2.3. Using the hwclock Command

hwclock is a utility for accessing the hardware clock, also referred to as the Real Time Clock (RTC). The hardware clock is independent of the operating system you use and works even when the machine is shut down. This utility is used for displaying the time from the hardware clock. hwclock also contains facilities for compensating for systematic drift in the hardware clock.
The hardware clock stores the values of: year, month, day, hour, minute, and second. It is not able to store the time standard, local time or Coordinated Universal Time (UTC), nor set the Daylight Saving Time (DST).
The hwclock utility saves its settings in the /etc/adjtime file, which is created with the first change you make, for example, when you set the time manually or synchronize the hardware clock with the system time.

Note

In Red Hat Enterprise Linux 6, the hwclock command was run automatically on every system shutdown or reboot, but it is not in Red Hat Enterprise Linux 7. When the system clock is synchronized by the Network Time Protocol (NTP) or Precision Time Protocol (PTP), the kernel automatically synchronizes the hardware clock to the system clock every 11 minutes.
For details about NTP, see Chapter 15, Configuring NTP Using the chrony Suite and Chapter 16, Configuring NTP Using ntpd. For information about PTP, see Chapter 17, Configuring PTP Using ptp4l. For information about setting the hardware clock after executing ntpdate, see Section 16.18, “Configuring the Hardware Clock Update”.

2.3.1. Displaying the Current Date and Time

Running hwclock with no command line options as the root user returns the date and time in local time to standard output.
hwclock
Note that using the --utc or --localtime options with the hwclock command does not mean you are displaying the hardware clock time in UTC or local time. These options are used for setting the hardware clock to keep time in either of them. The time is always displayed in local time. Additionally, using the hwclock --utc or hwclock --local commands does not change the record in the /etc/adjtime file. This command can be useful when you know that the setting saved in /etc/adjtime is incorrect but you do not want to change the setting. On the other hand, you may receive misleading information if you use the command an incorrect way. See the hwclock(8) manual page for more details.

Example 2.9. Displaying the Current Date and Time

To display the current date and the current local time from the hardware clock, run as root:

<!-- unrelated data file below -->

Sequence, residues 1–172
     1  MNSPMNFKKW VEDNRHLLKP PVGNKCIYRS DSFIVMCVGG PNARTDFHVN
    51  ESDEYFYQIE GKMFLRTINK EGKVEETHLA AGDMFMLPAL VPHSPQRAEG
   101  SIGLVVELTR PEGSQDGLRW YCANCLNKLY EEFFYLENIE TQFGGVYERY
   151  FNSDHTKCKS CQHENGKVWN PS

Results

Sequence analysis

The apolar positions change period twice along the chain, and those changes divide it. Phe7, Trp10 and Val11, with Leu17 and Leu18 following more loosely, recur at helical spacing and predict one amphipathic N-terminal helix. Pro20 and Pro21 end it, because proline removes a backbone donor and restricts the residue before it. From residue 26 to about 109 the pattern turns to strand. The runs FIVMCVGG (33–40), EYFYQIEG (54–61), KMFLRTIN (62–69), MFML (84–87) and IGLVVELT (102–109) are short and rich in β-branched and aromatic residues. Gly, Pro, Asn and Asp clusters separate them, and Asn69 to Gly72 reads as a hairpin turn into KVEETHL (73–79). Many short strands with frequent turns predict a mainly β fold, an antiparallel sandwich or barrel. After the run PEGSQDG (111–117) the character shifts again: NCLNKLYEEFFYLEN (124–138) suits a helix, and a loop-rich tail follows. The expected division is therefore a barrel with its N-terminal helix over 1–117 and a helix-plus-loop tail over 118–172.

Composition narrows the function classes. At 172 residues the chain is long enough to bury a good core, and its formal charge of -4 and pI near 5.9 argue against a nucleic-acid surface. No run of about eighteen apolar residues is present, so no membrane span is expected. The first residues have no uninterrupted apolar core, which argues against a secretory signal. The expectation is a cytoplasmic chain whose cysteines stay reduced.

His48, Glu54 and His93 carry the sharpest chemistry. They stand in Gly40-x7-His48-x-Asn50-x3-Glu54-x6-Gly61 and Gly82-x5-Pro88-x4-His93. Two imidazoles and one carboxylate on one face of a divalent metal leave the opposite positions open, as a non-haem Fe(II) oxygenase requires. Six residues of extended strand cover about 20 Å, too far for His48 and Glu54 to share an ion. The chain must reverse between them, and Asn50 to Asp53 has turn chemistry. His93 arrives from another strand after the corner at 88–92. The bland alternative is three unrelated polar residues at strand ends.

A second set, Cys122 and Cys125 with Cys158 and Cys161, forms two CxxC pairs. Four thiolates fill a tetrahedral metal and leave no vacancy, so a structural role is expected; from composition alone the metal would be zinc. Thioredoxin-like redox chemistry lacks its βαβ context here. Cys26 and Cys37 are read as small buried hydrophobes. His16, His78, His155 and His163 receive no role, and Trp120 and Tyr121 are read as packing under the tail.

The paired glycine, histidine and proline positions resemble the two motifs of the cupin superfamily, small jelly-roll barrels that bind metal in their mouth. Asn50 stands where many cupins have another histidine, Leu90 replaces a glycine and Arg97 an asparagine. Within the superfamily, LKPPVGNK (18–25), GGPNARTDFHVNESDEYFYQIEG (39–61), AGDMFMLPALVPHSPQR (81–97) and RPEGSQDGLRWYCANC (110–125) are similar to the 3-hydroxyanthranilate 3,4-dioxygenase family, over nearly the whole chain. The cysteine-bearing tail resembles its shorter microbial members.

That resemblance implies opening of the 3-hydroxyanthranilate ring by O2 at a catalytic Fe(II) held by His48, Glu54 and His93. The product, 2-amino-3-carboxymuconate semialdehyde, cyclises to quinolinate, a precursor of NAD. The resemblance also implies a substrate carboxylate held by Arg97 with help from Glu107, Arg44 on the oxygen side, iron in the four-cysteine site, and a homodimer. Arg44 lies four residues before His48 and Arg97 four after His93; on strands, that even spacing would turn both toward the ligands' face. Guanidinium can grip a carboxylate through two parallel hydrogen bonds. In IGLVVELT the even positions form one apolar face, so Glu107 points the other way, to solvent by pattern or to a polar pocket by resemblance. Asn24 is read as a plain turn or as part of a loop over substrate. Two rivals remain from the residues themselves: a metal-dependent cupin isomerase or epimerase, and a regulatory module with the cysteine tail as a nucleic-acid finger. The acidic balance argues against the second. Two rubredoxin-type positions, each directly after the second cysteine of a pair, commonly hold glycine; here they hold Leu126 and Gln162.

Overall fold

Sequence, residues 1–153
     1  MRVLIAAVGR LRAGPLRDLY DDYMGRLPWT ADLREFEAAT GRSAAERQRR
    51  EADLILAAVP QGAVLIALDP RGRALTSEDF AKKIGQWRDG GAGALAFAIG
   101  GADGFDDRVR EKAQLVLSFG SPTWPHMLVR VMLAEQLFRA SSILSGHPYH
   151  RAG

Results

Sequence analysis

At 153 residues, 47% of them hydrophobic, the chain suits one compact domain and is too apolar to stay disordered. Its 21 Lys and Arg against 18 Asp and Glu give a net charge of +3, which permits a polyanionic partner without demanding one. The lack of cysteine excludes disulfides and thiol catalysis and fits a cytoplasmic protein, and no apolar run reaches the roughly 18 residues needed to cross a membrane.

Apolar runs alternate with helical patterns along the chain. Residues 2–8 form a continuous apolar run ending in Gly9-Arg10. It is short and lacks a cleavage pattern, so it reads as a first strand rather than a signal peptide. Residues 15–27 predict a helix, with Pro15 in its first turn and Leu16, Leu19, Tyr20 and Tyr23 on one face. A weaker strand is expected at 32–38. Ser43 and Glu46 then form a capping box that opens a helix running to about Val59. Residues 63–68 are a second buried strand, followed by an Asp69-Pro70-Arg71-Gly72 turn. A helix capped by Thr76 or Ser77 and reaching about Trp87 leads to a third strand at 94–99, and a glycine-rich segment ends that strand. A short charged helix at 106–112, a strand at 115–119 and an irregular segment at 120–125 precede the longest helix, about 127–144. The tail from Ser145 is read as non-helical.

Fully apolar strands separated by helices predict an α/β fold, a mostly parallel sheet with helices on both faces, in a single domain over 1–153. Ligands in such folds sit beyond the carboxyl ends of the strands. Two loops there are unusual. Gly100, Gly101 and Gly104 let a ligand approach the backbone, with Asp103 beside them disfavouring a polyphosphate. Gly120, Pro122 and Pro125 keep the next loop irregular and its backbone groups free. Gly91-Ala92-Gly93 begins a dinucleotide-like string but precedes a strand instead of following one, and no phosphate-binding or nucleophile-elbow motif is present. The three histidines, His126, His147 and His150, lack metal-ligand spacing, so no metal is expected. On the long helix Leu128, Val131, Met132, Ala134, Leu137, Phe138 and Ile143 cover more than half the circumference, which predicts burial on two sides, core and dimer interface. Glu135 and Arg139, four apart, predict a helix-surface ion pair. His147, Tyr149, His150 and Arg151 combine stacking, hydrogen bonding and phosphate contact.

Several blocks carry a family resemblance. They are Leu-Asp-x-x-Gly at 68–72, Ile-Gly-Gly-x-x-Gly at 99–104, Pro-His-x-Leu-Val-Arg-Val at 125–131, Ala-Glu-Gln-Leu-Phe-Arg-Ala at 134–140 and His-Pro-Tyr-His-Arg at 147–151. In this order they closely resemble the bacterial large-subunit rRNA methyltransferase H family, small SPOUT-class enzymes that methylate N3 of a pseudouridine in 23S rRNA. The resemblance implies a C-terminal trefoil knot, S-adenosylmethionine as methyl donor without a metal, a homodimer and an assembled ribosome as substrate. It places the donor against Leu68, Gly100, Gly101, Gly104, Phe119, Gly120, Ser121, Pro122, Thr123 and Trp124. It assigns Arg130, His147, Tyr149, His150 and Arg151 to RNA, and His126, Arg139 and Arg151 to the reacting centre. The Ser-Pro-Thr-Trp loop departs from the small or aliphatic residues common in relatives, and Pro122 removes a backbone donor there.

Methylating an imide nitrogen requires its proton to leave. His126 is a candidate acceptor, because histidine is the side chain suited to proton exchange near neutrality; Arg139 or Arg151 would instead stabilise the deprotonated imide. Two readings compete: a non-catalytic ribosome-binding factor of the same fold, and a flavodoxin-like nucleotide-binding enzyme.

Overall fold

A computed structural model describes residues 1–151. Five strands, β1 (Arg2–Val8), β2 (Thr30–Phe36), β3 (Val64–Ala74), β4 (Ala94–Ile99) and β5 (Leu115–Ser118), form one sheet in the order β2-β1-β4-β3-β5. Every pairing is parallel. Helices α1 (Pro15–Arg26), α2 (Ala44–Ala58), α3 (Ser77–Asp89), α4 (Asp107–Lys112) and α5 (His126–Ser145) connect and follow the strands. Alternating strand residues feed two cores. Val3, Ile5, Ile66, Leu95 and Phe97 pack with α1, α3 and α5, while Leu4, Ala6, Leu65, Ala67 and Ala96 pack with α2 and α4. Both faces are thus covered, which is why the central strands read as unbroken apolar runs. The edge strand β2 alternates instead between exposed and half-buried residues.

~]# hwclock
Tue 15 Apr 2014 04:23:46 PM CEST     -0.329272 seconds
CEST is a time zone abbreviation and stands for Central European Summer Time.
For information on how to change the time zone, see Section 2.1.4, “Changing the Time Zone”.

2.3.2. Setting the Date and Time

Besides displaying the date and time, you can manually set the hardware clock to a specific time.
When you need to change the hardware clock date and time, you can do so by appending the --set and --date options along with your specification:
hwclock --set --date "dd mmm yyyy HH:MM"
Replace dd with a day (a two-digit number), mmm with a month (a three-letter abbreviation), yyyy with a year (a four-digit number), HH with an hour (a two-digit number), MM with a minute (a two-digit number).
At the same time, you can also set the hardware clock to keep the time in either UTC or local time by adding the --utc or --localtime options, respectively. In this case, UTC or LOCAL is recorded in the /etc/adjtime file.

Example 2.10. Setting the Hardware Clock to a Specific Date and Time

If you want to set the date and time to a specific value, for example, to "21:17, October 21, 2014", and keep the hardware clock in UTC, run the command as root in the following format:
~]# hwclock --set --date "21 Oct 2014 21:17" --utc

2.3.3. Synchronizing the Date and Time

You can synchronize the hardware clock and the current system time in both directions.
  • Either you can set the hardware clock to the current system time by using this command:
    hwclock --systohc
    Note that if you use NTP, the hardware clock is automatically synchronized to the system clock every 11 minutes, and this command is useful only at boot time to get a reasonable initial system time.
  • Or, you can set the system time from the hardware clock by using the following command:
    hwclock --hctosys
When you synchronize the hardware clock and the system time, you can also specify whether you want to keep the hardware clock in local time or UTC by adding the --utc or --localtime option. Similarly to using --set, UTC or LOCAL is recorded in the /etc/adjtime file.
The hwclock --systohc --utc command is functionally similar to timedatectl set-local-rtc false and the hwclock --systohc --local command is an alternative to timedatectl set-local-rtc true.

Example 2.11. Synchronizing the Hardware Clock with System Time

To set the hardware clock to the current system time and keep the hardware clock in local time, run the following command as root:
~]# hwclock --systohc --localtime
To avoid problems with time zone and DST switching, it is recommended to keep the hardware clock in UTC. The shown Example 2.11, “Synchronizing the Hardware Clock with System Time” is useful, for example, in case of a multi boot with a Windows system, which assumes the hardware clock runs in local time by default, and all other systems need to accommodate to it by using local time as well. It may also be needed with a virtual machine; if the virtual hardware clock provided by the host is running in local time, the guest system needs to be configured to use local time, too.